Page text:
“Suddenly, my rear wheel began a slight fishtail in the loose gravel road and I calmly increased the throttle in response. Past experiences had always quickly straightened out, but today the oscillations rapidly moved to the handlebars.
Committed to the acceleration strategy, the handlebars violently shook back and forth and I continued to roll on the throttle…”
Many “experienced” riders offer one tip for riding in loose surface conditions: “Add more throttle”.
I can assure you that you were victim to the ‘helpful’ tips of partial myths and half-truths perpetuated by the riding community.
The half-truth is… adding throttle can be true within two specific elements:
1. Adding throttle can lighten the front end of the motorcycle, allowing the front wheel to climb out of the soft stuff and get on top.
2. Adding throttle increases speed and gyroscopic progression that, in turn, increases self-corrective forces along with rake and trail.
The issue with adding throttle as a single response doesn’t take into considerations the specifics of your situation. For the sake of simplicity, I will identify three of the most significant considerations:
The element of momentum and getting the front tire on top of the surface is correct; what was lacking was the knowledge of how to do this without adding speed.
The following are some tips when you find yourself in deep gravel or sand:
1. Ride in a standing position. While standing, you can shift a greater amount of weight to the rear of the motorcycle. This helps lighten the front end and also adds traction to the rear for greater drive.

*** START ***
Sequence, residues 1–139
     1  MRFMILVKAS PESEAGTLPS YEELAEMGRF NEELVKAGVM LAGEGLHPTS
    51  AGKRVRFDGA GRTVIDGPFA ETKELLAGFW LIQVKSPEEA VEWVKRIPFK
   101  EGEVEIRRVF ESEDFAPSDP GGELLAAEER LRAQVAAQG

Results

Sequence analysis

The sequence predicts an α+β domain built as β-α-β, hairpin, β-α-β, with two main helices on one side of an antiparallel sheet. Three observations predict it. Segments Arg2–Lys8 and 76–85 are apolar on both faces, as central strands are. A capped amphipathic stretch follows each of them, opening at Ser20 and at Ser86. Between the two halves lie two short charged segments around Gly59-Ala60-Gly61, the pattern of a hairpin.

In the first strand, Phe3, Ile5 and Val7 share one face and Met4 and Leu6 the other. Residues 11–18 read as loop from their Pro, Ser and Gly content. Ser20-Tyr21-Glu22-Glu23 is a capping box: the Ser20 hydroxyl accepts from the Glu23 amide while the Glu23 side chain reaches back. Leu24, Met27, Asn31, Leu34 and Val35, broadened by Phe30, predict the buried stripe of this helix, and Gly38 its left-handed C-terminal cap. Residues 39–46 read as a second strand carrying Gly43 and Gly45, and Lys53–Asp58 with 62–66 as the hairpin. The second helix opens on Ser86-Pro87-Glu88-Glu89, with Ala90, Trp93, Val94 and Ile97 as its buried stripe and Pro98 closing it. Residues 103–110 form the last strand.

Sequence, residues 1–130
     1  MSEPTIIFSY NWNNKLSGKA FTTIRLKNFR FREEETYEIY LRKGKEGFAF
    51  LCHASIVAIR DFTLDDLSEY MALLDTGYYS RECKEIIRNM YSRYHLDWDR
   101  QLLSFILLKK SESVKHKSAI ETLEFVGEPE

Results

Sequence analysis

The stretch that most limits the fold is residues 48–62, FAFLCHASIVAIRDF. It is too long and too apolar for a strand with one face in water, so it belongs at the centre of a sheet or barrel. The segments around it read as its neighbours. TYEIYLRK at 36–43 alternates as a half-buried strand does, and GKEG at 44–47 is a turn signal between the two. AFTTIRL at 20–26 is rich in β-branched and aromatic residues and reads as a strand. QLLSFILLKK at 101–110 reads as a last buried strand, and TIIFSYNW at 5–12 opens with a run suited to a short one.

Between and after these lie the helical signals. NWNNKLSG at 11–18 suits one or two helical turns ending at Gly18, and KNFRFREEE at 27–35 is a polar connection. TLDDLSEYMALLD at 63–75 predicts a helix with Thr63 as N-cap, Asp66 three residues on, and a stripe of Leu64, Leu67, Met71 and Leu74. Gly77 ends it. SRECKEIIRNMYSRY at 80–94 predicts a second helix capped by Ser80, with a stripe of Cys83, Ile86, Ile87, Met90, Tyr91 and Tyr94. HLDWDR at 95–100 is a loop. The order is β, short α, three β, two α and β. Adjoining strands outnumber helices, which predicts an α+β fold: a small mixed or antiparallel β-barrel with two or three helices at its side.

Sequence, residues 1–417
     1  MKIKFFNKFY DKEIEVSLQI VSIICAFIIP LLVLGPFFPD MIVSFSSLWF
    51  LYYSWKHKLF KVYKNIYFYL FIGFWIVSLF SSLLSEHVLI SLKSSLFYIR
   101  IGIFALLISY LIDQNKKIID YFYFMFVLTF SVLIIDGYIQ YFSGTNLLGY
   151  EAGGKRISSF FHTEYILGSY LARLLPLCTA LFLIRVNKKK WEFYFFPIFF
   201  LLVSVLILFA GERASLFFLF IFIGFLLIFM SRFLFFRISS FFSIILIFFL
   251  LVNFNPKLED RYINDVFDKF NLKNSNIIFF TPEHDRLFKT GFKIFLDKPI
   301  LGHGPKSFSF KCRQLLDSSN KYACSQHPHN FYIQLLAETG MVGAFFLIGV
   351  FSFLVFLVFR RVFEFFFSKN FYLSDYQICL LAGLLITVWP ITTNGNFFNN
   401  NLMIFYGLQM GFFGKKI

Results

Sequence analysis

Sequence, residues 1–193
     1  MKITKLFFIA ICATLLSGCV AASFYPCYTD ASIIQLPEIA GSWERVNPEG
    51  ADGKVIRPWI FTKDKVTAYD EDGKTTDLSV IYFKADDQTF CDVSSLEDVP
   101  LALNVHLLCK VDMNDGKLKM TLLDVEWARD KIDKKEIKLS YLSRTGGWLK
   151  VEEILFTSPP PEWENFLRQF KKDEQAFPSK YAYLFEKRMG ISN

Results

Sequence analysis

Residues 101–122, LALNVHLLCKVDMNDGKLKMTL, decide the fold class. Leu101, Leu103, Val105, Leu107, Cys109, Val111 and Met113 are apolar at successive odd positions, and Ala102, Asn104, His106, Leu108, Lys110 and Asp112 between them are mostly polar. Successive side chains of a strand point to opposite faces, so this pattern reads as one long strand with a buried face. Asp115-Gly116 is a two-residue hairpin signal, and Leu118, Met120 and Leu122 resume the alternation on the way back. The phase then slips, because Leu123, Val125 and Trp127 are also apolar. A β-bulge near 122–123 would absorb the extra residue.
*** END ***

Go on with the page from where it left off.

2. Lighten your grip. If you are using a proper standing technique, you will barely be touching the handlebars. This allows the rake and trail work properly to self-correct more quickly.
3. Maintain throttle. Closing or ‘chopping’ the throttle may cause an instant encounter of the dirt kind!
4. Trim the overall speed by massaging the clutch. You must keep tension in the drive train, so keep the clutch in the gray zone, or friction zone.
5. Lightly drag the rear brake. You can further reduce speed and encourage front wheel lift with a very light drag of the rear brake. A hard jab to the rear brake will cause a rapid transfer of weight to the front tire and will make things worse.
6. Avoid wheel spin. This can cause the rear wheel to dig deeper into the sand or gravel, reducing forward thrust and the front tire will plow in.
7. Let the front wheel move like a rudder. Know that steering responses in loose surfaces is delayed, and the rider must be patient and let the bike catch up to any directional inputs. Riders often expect the bike to respond more quickly and add more steering input.
Although there may be many situations where adding throttle will work, not understanding the full dynamics of the situation may cause things to go badly very quickly.